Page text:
In the little town that I live in, the local grocery store was broken into one night by a guy who was on bath salts. When an employee arrived the next morning, he found a window broken, and the bath salt guy passed out in the floor, covered in peanut butter and chocolate. Merchandise was scattered all over the store. He had a wild night, squirting ketchup and other condiments all over the shelves. Some reports say he had written out "I'm Sorry" in mustard on the floor. Local newspapers dubbed him the Peanut Butter Bandit, and he was sent away to the big house.
Shockingly, many of the incidents involving bath salt attacks involve attempted cannibalism. Guess these are definitely the people who "can't handle it." In June in Layfeyette, Louisiana forty-three-year-old Carl Jacquneaux was said to have had a domestic dispute with Todd Credeur. He stormed into Carl's yard and attacked him, biting a chunk out of his face while on the drug.
Pamela McCarthy, a 35 year old wife and mother from New York was actually tasered to death after a run in with the state police. Onlookers called police when the naked McCarthy was seen attacking her toddler son and the family dog. The picture below was taken as the child ran to his father for safety. McCarthy suffered cardiac arrest after the incident. She was high on bath salts.
McCarthy, running naked and going after her son who's dad is holding him, before being killed by the police
June was a busy month for out of control bath salt users. On the 26th Michael Daniel was arrested in Waco, Texas. Cops were called when he tore through his family's home in a rage, then chased the neighbors dog, barking at it as he did so. When he caught the dog, he beat it, strangled it, then proceeded to eat it.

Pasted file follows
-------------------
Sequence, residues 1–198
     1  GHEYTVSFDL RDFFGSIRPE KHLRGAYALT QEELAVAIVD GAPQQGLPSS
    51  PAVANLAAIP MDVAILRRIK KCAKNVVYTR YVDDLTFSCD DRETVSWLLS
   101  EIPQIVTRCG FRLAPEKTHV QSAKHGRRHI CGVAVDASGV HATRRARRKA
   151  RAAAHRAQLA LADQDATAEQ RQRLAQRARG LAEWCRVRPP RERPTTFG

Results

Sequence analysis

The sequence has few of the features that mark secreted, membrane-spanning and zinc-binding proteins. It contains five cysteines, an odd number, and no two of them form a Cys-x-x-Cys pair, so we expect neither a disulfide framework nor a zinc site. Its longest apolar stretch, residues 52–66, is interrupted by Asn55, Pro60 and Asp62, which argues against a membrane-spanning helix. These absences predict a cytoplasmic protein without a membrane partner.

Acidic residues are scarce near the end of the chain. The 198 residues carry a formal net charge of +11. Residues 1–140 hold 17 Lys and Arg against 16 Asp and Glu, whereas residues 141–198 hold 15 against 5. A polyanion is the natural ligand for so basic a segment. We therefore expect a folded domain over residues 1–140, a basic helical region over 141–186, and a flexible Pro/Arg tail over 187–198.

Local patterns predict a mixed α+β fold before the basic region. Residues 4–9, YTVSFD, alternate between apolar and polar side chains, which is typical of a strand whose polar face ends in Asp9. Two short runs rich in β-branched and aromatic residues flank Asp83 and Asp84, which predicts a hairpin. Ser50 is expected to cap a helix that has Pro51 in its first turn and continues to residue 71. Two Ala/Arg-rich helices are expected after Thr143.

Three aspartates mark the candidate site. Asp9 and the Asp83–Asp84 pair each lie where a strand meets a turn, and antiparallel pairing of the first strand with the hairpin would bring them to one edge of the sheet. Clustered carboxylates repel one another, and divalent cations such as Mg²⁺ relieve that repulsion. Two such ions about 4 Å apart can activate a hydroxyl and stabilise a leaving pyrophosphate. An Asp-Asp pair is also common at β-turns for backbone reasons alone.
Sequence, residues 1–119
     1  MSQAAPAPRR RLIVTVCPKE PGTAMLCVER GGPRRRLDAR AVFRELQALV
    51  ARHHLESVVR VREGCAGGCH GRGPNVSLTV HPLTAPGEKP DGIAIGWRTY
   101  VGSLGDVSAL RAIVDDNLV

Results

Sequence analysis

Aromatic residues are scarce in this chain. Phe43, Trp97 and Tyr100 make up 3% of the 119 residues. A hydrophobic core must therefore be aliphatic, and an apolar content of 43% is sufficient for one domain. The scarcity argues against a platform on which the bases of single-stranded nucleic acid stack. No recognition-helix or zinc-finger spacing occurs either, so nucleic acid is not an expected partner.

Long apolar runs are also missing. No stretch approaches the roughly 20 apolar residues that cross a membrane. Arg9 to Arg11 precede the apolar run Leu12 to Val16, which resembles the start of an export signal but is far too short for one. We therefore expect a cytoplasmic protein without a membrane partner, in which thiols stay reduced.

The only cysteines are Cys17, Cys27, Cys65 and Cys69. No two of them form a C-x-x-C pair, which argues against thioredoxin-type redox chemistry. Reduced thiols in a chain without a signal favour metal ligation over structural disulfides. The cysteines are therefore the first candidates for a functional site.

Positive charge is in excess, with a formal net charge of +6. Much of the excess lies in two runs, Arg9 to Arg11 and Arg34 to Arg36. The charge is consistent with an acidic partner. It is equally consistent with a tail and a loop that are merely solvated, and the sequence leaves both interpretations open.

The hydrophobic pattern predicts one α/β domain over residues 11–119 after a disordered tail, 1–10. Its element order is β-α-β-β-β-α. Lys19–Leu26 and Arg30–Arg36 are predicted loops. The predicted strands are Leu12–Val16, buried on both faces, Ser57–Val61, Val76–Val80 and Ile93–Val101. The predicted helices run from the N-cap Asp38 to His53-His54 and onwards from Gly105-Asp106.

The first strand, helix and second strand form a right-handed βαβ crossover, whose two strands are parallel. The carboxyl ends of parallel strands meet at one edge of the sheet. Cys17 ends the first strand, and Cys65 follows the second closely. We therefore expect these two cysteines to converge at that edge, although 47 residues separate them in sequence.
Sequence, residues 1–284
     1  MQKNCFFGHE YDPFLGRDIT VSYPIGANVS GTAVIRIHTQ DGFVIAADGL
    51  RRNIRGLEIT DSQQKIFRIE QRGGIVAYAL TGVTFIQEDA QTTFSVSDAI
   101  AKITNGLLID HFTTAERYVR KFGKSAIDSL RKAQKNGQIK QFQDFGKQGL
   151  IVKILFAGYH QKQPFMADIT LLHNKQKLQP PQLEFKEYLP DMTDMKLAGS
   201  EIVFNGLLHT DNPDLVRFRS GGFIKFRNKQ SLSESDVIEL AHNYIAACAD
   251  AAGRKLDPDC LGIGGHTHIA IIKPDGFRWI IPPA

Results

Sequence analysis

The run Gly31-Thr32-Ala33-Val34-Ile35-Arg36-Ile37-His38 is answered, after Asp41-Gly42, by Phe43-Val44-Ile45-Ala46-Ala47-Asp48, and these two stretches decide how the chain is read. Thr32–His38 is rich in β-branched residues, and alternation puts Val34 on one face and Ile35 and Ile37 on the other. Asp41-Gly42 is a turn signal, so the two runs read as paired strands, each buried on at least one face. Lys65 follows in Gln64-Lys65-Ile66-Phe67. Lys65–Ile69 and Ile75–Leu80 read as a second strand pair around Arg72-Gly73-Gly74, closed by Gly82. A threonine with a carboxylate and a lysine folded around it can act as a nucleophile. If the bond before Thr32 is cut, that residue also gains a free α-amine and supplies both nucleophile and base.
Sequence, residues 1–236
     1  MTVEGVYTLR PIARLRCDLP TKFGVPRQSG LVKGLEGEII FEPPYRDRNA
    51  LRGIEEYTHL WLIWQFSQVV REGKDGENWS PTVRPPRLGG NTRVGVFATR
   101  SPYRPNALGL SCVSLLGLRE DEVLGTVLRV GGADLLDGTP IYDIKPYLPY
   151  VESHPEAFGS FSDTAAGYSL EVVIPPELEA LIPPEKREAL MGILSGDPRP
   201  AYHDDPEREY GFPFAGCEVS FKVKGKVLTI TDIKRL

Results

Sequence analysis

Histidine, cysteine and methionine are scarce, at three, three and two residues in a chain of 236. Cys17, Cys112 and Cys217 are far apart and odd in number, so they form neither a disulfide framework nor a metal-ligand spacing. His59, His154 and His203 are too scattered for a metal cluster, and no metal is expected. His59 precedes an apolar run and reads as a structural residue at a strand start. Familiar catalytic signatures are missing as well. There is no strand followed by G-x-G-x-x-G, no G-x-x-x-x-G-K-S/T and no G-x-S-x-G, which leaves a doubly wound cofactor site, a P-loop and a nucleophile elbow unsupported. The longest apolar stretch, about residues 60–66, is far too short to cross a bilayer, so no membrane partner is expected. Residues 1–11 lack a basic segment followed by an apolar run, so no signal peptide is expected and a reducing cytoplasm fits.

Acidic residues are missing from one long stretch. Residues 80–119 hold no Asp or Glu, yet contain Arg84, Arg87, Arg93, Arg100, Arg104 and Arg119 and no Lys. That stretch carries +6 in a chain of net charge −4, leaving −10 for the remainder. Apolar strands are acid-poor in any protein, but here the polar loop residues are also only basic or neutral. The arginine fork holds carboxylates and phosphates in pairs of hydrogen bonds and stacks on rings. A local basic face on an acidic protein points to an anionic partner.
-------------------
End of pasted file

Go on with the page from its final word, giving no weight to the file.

Also in June a 20 year old man attacked a 77 year old woman with a shovel while high on bath salts. After finally being subdued with a large quantity of rubber bullets and a taser gun, he told officers he was an alien and that Jesus was telling him to kill the woman.
The case that started the Bath Salt Zombie craze was when Rudy Eugene literally ate the face off of a homeless man in Miami. The attack lasted 18 minutes before Eugene was finally shot to death by police. Warning, the following video shows the attack from a surveillance camera. It doesn't show much detail, but might not be appropriate for the kiddies:
Just as crazy is the story of Michael Daniel of Texas. Family members called the police when they say he went berserk. He attacked several family members and friends while running around on all fours and growling and barking like a dog. Before the cops could arrive, he snatched up the family dog and started biting chunks out of it.
A little closer to home, a 19 year old Charleston, W. Va. man was found in a very bizarre position. His neighbor had been told by friends that Mark Thompson had stolen a pygmy goat she had bought for her granddaughter. When police went to question Thompson, they found him in his bedroom, high on bath salts, wearing women's underwear and standing over the dead goat.
Officers allowed Thompson to keep his bra on for his mugshot
Maybe these individuals weren't the most mentally stable people to begin with, and when they used this new powerful drug, the just couldn't handle it. Crazy people need to be extra careful when they want to go out and get high. Lesson of the day kiddos, unless you want to find yourself naked, covered in condiments, biting chunks out of people and animals, Just Say No to bath salts! For info on more bath salt related attacks, go to the following link: Bath Salt Attacks